David Frye, Nixon parodist, dies aged 77

David Frye, popular political satirist most famous for his impressions of President Richard Nixon and Lyndon Johnson, has died at the age of 77.

Frye, born under the name of David Shapiro, died on Monday of cardiopulmonary arrest at his home in Las Vegas, Clark County Coroner Mike Murphy said Saturday, according to the LA Times.

His impressions of leading political figures made Frye on the most popular comedians of the day in the late 1960s and early 1970s.

Frye’s sister, Ruth Welch of Boynton Beach, Fla., said he was a born comic genius who wrote his own material and began by imitating neighbours in Brooklyn, New York, where they grew up.

“He had an eye for people’s movements and an ear for their voices,” she told The Associated Press on Saturday. “He could really get down people’s mannerisms and intonations.”

In the early 1960s Frye was a struggling impressionist working the clubs of Greenwich Village, relying on a fairly standard repertoire of Hollywood actors, the New York Times reports. He then added an impression of Robert F. Kennedy into his act after a girlfriend commented that the latter sounded like Bugs Bunny.

Frye had many different characters, but began to specialise in political figureheads, such as George Wallace and Hubert Humphrey, early on. He imitated not only their vocal peculiarities, but also body language and facial expressions. “Frye bobs and weaves among the political heavyweights armed with perfect pitch and deadly accuracy,” Time magazine wrote in 1970.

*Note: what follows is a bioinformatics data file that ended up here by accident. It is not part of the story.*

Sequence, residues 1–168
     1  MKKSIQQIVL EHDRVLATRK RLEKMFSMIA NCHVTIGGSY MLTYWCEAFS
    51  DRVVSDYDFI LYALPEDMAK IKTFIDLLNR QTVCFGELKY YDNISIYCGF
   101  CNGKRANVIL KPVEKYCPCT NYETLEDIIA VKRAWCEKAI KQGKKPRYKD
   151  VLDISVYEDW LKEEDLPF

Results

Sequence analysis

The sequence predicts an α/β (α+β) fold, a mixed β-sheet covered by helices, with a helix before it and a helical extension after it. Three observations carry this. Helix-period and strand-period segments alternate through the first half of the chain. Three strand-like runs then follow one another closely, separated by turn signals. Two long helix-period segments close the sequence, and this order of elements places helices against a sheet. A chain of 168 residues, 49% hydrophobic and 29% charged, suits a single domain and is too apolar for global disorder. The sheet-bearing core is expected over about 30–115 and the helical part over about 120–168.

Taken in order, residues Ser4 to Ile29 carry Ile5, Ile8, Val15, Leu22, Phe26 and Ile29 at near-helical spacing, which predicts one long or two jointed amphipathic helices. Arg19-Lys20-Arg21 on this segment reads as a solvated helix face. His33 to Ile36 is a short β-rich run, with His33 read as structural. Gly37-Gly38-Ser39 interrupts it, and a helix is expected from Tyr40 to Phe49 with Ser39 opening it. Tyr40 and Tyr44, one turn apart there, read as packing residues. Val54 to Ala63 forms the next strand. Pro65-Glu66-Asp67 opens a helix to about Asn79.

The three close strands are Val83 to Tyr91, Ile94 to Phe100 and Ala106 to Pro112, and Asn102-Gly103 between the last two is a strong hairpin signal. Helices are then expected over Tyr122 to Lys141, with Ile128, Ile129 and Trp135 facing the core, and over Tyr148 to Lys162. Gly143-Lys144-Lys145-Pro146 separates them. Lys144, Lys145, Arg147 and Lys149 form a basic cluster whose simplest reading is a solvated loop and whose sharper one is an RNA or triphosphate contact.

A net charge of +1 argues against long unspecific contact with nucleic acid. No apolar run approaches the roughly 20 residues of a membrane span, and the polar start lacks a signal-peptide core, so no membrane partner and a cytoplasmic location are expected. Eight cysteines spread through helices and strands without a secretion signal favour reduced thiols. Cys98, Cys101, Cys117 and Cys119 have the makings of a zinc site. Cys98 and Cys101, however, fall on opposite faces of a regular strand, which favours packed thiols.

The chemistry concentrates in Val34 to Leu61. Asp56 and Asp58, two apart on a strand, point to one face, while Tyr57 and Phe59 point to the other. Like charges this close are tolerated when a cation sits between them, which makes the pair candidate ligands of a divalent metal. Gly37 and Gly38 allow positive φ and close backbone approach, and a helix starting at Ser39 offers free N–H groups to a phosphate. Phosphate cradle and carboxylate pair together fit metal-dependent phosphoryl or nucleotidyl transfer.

But it was the impression of President Nixon that ultimately catapulted Frye to fame. “I do Nixon not by copying his real actions but by feeling his attitude, which is that he cannot believe that he really is president,” Frye told Esquire magazine in 1971.

[adsense]This impersonation kept the comic a regular on TV variety shows and the biggest casinos. “Nixon has these brooding eyes that look like my eyes. That helped a lot. But the voice is still the main thing. He has a radio announcer’s evenness of speech, very well modulated, and you can’t pick out any highs and lows. If I hadn’t had to do him, I wouldn’t have tried,” Frye told Esquire.

Sister Ruth described the performer as a “wonderful” brother: “He was a generous person and a very good brother in time of need,” she said. “He was very much loved by the whole family, and he’ll be terribly missed.”

Click here to read about the recent death of fellow Las Vegas comedian Charlie Callas.

Other greats who have recently passed away include producer Bernd Eichinger, actress Susannah York, fitness guru Jack Lalanne and music legend Captain Beefheart.

Images: Wikipedia and Wikimedia Commons